Everything else

Oxford, The Story Museum and Alice’s Day

Due to the eternal loveliness of my long suffering family, I got to spend the weekend in Oxford. There was a particular rationale behind being there for this weekend: the 4th July commemorates the the day that Charles Dodgson told a story to Alice Liddell and her sisters, and the Saturday nearest to that date sees Oxford turn into Wonderland for the day – “Alice’s Day”. The event, run by the Story Museum and held there and in venues across the city has been on my wishlist for a while. And this year, reader, I did it.

The Story Museum is gorgeous. Really, it is. I appreciate I come from a very nerdy and quite niche perspective, but there’s something intensely magical about a space that is working very directly towards children and allowing them to own that space. Exhbitis are low, pitched for interactivity, and there’s signs everywhere of an organisation that wants children to become involved. I don’t think there’s many places where one can have a conversation with volunteers along the lines of “Have you seen Wonderland?” “No, but I’ve been to Animal?” “Come back when you’ve Been To Bed and we’ll take you to Wonderland.”. There’s some intense pleasures to be found in this higgledy piggledy colourful  building; Narnia’s hidden away in one corner, Philip Pullman’s sketches of the chapter headings to Northern Lights are in another whilst in a third, Katherine Rundell’s on the TV talking beautifully about wolves. It’s beautiful.

I have to share with you a further example of how great the Story Museum is (and it is one, I fear, that might be a bit more information than you require – but skip, gentle reader, if needs be!). The ladies toilets were three cubicles: one was big enough for a parent and child to get in, and even involved a little toy toilet (though I didn’t check if it actually worked!), a toilet with raised seat and grab arms for those in need of mobility help, alongside a third toilet cubicle. Such things I know are a little strange to tell you about but for me, they’re very important. They speak of care for detail and of a care for sharing their message and ethos with everyone. Accessibility, equality, openness. You can tell everything about somewhere by their toilets, I think.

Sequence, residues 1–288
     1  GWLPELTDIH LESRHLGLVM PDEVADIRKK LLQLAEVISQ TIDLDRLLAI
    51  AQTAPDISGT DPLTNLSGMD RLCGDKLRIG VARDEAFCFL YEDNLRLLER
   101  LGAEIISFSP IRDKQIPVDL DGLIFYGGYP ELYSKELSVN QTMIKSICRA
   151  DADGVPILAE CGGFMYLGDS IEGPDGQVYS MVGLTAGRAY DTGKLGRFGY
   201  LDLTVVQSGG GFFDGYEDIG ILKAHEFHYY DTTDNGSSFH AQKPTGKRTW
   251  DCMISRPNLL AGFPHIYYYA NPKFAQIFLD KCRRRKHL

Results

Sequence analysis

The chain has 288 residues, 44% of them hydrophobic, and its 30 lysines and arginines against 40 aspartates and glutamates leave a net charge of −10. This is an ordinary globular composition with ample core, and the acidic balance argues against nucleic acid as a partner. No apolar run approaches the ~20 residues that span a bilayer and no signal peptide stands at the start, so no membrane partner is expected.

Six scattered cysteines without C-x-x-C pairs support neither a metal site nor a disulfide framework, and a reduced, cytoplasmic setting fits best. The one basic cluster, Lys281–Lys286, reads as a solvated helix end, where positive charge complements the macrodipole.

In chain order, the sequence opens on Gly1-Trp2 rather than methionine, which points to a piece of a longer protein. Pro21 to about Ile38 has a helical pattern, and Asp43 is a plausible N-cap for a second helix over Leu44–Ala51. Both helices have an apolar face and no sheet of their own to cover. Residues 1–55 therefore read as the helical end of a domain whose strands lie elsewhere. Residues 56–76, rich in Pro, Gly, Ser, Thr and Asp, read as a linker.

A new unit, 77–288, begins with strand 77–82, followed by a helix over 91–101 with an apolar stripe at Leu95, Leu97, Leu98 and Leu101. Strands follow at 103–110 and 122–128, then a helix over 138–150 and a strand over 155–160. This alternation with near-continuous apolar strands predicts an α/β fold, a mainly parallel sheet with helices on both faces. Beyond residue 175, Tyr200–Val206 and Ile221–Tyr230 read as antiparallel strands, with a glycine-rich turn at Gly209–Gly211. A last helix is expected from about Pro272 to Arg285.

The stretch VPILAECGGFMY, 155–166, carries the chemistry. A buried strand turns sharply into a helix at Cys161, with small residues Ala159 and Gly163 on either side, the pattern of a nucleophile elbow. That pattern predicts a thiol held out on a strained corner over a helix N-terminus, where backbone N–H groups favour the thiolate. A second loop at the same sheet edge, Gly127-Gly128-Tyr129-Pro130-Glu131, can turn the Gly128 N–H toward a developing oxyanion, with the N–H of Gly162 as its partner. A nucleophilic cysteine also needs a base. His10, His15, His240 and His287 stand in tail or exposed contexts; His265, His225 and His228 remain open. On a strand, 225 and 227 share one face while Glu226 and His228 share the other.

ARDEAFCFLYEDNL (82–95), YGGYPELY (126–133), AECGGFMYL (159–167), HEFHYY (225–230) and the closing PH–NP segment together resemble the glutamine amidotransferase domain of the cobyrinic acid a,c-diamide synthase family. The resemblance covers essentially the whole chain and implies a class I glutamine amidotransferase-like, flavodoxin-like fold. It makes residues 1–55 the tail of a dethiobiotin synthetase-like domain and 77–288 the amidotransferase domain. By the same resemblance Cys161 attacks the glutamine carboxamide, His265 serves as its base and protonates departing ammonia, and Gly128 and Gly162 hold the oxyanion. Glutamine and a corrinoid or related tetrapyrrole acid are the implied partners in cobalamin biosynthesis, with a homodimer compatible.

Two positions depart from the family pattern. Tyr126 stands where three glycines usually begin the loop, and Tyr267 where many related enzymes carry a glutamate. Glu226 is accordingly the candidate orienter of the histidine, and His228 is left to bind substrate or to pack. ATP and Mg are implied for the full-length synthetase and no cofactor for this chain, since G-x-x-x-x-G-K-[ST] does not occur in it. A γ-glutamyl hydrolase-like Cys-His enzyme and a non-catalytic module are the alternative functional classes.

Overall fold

But, enough about toilets! Back to Alice’s Day and the great joy of seeing a city flip into somewhere unexpected. Alice was everywhere, from tiny blue-dressed children dancing a lobster quadrille in the courtyard (adorable) through to seeing a white rabbit peddling bubbles in the street through to seeing a giant Alice ‘walk’ slowly around the Radcliffe Camera or finding the Cheshire Cat in the Botanic Gardens; this is story spilling out in the city and I was exhausted and I was exhilarated and I love it. If you’re an Alice fan you have to visit; there’s something so wonderful about the entire day.



And I can’t tell you how much I almost cried at everything; there’s something so perfect about hearing children insist that they’re called ‘Alice’ (I checked, she wasn’t actually called Alice) and seeing families dance along to horn bands. Lovely, lovely, lovely. Go next year if you can. Trust me, it’s worth it. Maybe we should all dress up for it wherever we are. Wonderland for everyone. Anyway, I’m rambling because I’m still in love with everything, so I’ll finish this post here. Here are some pictures and this is the end of my tail…..